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Atlas Shrinks

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Once upon a time in a far off land of sea monsters and fairies, there was a man named Adam. Now Adam was not the First Man. He was, however, the first man in his society to write down his ideas of man controlling his own economic destiny without the heavy hand of kings. Adam was a moral man and wrote that one's "enlightened self-interest" and innate moral code should guide him in all matters of money and commerce.

Yet man is a funny beast, Adam knew, and in case of a lapse in reason a guiding hand, "The Invisible Hand," existed to override his less intelligent and unjust impulses. He put all of his fine words and moral sentiments down in a book that changed the western world. The Wealth of Nations was birthed in the same year of 1776 that a little rebel nation was born of its empirical British mother. America and Adam Smith's free market capitalism grew up together.

Fairy tales inevitably have happy endings. Due to their simplistic nature, these tales usually close with, "And they lived happily ever after," yet fail to finish the story. Adam Smith's theory of "enlightened self-interest" presupposed an inner morality by its actors. Something many people simply don't possess. His treatise was a tale of an idyllic world where the real story was yet to be written over the next two centuries.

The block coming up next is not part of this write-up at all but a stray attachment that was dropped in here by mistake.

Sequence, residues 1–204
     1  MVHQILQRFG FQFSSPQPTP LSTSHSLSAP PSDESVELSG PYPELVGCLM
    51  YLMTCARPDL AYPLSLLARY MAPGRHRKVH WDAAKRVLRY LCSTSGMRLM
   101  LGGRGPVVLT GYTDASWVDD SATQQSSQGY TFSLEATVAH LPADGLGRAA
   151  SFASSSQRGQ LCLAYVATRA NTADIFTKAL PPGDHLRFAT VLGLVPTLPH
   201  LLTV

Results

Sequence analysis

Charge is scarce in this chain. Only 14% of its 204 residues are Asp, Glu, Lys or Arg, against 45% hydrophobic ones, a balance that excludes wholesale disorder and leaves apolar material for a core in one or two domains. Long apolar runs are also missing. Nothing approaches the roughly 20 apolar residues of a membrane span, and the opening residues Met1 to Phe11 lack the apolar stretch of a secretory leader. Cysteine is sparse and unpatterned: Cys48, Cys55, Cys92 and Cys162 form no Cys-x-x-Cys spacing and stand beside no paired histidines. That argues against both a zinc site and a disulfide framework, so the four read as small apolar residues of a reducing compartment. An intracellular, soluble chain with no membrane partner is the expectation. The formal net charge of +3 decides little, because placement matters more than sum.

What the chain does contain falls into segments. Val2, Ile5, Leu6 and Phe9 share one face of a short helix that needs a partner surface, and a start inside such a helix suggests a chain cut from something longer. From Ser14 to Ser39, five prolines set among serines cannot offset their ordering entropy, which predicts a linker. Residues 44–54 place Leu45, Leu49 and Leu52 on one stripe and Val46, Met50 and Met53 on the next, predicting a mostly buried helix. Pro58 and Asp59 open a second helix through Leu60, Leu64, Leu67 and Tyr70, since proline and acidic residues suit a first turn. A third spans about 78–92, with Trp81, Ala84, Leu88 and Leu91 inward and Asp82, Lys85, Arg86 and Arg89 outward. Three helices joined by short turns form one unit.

Smith had a deep belief in a supreme intelligence that guided all things human and natural. When human reason failed, God or the Hand would intervene. Free markets according to laissez-faire capitalism's father were dependant on a firm foundation of ethics. Smith wrote, "Markets could not flourish without a strong underlying moral culture, animated by empathy and fellow-feeling, by our ability to understand our common bond as human beings and to recognize the needs of others."

Taking the "underlying" morality out of capitalism, Smith's vision is unrecognizable. Without empathy, capitalism becomes the grotesque distortion revealed through the financial depravity of 21st century mortgage markets.

Two centuries after Smith's theory went through bumps and starts, rejections and debate, it was embraced with gusto in another fairytale called, Atlas Shrugged, written by former Hollywood screenwriter Ayn Rand. In Rand's lengthy and outdated sci-fi novel, protagonist John Galt is brutally electrocuted by the rulers of the "collective" hoping he will renounce his staunch belief in individualism over altruism. No matter what painful tortures he endures, he never fails to claim the moral superiority of self-interest.

The 1957 novel stirred up controversy between FDR adherents who believed economies and governments should serve the common good and materialists who believed as Rand did, that "selfishness" was a rational moral code to live by.

Rand's radical theory was not so radical after all when seen in the big picture of American industrialism. Carnegie, Gould, Frick, Vanderbilt, Morgan and other 19th century moguls, dubbed Robber Barons, subscribed to a Darwinian theory of economy. The cream of money makers would inevitably rise to the top was their guiding principle. Near total anarchy dictated early industrial finance. Bribery, brutality and generally amoral conduct ruled the corporate roosts of the day. Yet despite this proven track record of destructive dog-eat-dog capitalism, Rand named it "virtuous."